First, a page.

A sporty look at Healthy EatingPublished on October 5, 2010

  • Photography by Mark Holleron

It might seem more than a little ironic to get nutrition advice from someone who doesn't enjoy cooking. However, wellness expert Julia Aimers dishes out exactly the kind of information most people want, particularly when it comes to how to make healthy eating a snap.

A life-long sports buff and founder of Personal Best Fitness & Lifestyle Consulting, Julia works both as a personal trainer and triathlete coach. 

How long have you had a passion for fitness? I was very sporty as a kid and knew at age five exactly what I wanted to do. Badminton was one of my biggest sports.

I won a gold medal at the 1979 Pan American Games, which really drives home the lesson I like to impart to others about striving to achieve one's personal best.

Has healthy eating always been important to you? I grew up eating bland, overcooked meat and potatoes, as well such delicacies as oxtail soup and tongue. Then I went off to college and discovered poutine. 15 pounds later, I graduated and it was time for a change. At first it was a shift towards comfort foods which were tasty but overly salty. I've since become a pescatarian (fish-eating vegetarian), but I never really learned how to cook so everything I eat has to be really simple to prepare.

What's your daily dining strategy? For breakfast, I'll have some Dorset Cereal which is very low in salt and sugar, with sugar-free soy milk. Mid-morning, I'll reach for a banana along with some raw nuts and seeds, along with plenty of water. Lunch might be a spinach/feta wrap with chai tea and some chopped fruit. If I need an energy boost in the afternoon, I'll mix some low-sugar Nestle Quik with soy milk and have a handful of nuts. Supper is vegetarian, with fish three times a week, often grilled salmon.

How do you eat so well without cooking? I've learned to grab healthy prepared foods like Metro's edamame salad. I'll also buy containers of vegetables and fruits which last for days. Another favourite trick is to cook up a big batch of quinoa, then top it with lots of different things, like grilled Portobellos or fish, throughout the week. I stay away from all high-sodium packaged and processed foods.

What are some common food mistakes people make when embarking on a new fitness program? Consuming sports drinks - water plus some avocado or a banana is all you need to keep your potassium up. Powerbars are also a no-no; they are full of sugar and salt. Another big mistake is that people up their caloric intake as they become more active, but typically it's only more carbohydrates. You have to increase carbs and protein equally.

Do you have any food weaknesses? I do occasionally treat myself to a small hot fudge sundae at Dairy Queen, which I sprinkle with peanuts. When I go out for a meal, I usually try to make it Thai. My healthy treat is a big bowl of mixed berries and yogurt.

What advice do you give clients who are trying to improve their eating habits? I suggest keeping chopped fruits and vegetables in the fridge. Add a little yogurt to the fruit, or have some hummus for the veggies, and you've got a quick, easy meal. If you want to have treats like cookies in the house for other family members, store them out of grabbing range.

What can people who don't cook do? There are a lot of simple ways to steer yourself towards healthy eating. Check the labels and eat whole foods; don't buy anything with more than five ingredients, added sugar or more than 200 mg of sodium per serving. Try to avoid eating anything that Great Grandma wouldn't recognize!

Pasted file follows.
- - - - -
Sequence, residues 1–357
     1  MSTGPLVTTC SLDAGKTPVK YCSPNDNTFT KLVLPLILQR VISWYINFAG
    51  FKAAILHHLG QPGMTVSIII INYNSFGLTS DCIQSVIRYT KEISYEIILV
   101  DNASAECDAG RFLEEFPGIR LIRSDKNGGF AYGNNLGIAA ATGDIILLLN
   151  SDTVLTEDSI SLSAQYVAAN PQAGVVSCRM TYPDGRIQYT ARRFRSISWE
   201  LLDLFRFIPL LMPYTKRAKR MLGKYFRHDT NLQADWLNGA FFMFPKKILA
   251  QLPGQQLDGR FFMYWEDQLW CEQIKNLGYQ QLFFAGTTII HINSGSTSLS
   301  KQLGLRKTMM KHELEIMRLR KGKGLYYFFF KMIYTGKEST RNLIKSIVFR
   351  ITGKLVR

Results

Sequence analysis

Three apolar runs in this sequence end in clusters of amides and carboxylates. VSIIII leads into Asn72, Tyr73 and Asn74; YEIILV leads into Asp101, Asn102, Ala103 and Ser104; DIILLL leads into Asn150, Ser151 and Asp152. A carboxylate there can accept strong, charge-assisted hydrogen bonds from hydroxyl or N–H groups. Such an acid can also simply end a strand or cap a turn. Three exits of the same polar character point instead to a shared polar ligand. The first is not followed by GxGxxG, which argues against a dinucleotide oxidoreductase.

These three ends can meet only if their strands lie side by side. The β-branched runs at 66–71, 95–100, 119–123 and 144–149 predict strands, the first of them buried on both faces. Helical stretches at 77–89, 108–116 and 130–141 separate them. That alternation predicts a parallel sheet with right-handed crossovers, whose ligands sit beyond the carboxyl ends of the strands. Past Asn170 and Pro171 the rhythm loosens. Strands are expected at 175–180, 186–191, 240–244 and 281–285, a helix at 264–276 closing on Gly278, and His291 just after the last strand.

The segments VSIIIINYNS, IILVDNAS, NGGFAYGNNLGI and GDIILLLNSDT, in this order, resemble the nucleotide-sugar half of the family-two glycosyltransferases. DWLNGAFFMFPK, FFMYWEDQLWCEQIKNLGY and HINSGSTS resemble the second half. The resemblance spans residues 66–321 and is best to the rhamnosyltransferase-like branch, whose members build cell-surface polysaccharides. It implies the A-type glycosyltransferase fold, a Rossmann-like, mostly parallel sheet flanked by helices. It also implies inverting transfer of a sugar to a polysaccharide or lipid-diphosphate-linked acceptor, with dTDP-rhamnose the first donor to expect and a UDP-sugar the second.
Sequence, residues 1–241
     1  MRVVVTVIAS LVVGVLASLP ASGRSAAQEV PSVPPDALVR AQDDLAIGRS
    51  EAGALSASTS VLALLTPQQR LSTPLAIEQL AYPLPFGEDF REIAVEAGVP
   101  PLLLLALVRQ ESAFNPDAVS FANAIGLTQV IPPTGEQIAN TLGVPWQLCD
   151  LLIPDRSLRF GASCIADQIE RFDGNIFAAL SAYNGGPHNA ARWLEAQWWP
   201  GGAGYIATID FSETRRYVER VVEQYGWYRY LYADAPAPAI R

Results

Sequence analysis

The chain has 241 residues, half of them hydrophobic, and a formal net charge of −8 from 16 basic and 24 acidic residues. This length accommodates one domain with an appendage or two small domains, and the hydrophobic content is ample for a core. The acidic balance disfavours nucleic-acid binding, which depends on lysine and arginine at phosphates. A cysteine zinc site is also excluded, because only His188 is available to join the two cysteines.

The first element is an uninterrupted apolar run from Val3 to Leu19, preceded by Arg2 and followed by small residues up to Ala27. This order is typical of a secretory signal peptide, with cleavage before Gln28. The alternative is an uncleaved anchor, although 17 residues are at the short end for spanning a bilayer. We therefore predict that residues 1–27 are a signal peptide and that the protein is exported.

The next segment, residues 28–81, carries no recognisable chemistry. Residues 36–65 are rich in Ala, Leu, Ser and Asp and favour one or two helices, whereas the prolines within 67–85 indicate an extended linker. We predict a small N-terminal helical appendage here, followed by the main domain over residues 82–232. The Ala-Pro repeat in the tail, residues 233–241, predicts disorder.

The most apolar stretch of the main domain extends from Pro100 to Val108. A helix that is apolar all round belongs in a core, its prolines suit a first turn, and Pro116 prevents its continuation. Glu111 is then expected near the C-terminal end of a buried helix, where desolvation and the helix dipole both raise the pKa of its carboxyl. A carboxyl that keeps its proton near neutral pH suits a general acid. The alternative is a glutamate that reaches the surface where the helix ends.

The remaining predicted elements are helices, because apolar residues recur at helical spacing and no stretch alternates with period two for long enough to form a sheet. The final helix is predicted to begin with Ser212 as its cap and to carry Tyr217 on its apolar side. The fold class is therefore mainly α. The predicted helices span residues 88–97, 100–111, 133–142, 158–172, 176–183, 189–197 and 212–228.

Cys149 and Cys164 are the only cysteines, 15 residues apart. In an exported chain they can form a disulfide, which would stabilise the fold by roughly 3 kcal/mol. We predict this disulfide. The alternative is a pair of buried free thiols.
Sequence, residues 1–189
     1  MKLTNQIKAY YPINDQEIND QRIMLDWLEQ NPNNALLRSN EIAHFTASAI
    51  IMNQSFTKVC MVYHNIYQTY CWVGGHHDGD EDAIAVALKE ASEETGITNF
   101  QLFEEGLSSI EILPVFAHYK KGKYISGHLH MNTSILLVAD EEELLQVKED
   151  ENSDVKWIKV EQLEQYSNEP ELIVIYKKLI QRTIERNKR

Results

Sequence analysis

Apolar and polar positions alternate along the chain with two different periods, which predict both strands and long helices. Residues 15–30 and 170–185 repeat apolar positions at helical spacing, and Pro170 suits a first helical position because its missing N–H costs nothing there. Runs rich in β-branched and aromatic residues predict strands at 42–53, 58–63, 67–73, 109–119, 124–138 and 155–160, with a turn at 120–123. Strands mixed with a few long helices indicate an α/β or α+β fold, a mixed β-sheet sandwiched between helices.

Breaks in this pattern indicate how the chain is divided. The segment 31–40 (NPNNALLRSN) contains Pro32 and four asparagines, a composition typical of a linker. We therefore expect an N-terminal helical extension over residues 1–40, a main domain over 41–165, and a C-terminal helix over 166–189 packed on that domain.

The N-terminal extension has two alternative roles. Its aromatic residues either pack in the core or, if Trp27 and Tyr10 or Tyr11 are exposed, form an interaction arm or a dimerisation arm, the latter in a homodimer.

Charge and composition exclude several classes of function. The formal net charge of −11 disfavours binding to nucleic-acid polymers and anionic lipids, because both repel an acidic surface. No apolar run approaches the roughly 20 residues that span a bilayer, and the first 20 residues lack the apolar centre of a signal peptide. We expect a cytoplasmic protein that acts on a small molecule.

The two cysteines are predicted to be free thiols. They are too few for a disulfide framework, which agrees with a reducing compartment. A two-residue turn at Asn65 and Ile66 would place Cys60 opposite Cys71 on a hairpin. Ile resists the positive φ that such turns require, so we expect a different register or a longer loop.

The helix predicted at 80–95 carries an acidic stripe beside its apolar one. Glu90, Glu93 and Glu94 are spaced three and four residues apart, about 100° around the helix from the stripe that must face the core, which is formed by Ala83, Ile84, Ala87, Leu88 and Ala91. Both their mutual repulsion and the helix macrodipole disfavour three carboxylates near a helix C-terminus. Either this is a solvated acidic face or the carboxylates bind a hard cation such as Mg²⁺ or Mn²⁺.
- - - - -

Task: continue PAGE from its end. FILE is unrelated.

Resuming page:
Grilled Portobello Mushrooms ?with Pesto and Goat Cheese


Meaty and full of flavour, grilled Portobellos have many uses, including being sandwiched between whole grain buns as a healthy burger alternative. Julia likes to grill and stuff them, then layer them over cooked quinoa (a delicious, nutritious ancient grain-like seed) and asparagus salad.


1 Portobello mushroom cap per person

1 tbsp olive oil

1 tsp basil pesto

1 tbsp crumbled goat cheese

1 small, ripe tomato, diced


With a soft brush or dry cloth, gently wipe any dirt off mushroom; trim the stem end. Drizzle olive oil on both sides of mushroom; spread evenly. Heat barbeque to medium heat and grill the mushroom for about 10 minutes per side, until tender and slightly browned. (Note: you can also do this under the broiler.) When finished grilling, spread pesto in the hollow of the cap and crumble goat cheese over top. Sprinkle with diced tomato. Serve warm.



15 Super Foods for Super Health - eat these often:

- Avocados

- Blueberries

- Brazil Nuts

- Broccoli

- Butternut Squash

- Edamame

- Flax seed

- Kale

- Kiwi Fruit

- Lentils

- Onions

- Quinoa

- Sardines

- Tomatoes

- Yogurt


Grocery Shopping Tips:  

- Always check the labels to ensure sodium is less than 200 mg per serving. 

- Watch out for transfats.

- Added sugar is not good; it comes in many forms: white, brown, raw, invert, cane, corn syrup, fructose, malt syrup, molasses, agave nectar.

- Acceptable natural sugars include lactose in milk and fructose in fruit.


Foods you want in your pantry:

- Eden Organic Garbanzo Beans (no salt added)

- Healthy Valley Organic Soups (no salt added)

- President's Choice No Salt Added Wild Pacific Salmon

- Cloverleaf Low Sodium Tuna

- Green Tea with Ginger and Lemon

- Snacks: Raw Nuts and Seeds (unsalted): almonds, pumpkin, sunflower; President's Choice Organic Raisins, Organic Unsweetened Apple Snax

- Rice and Whole Wheat Pastas, Dorset Cereal, Eden Organic Quinoa


Good Reads for Nutritional Awareness:

- Canadian Stroke Network's Sodium 101

- Nutrition Action Healthletter  

- University of California at Berkeley Wellness Letter  

- Food Rules: An Eater's Manual by Michael Pollan


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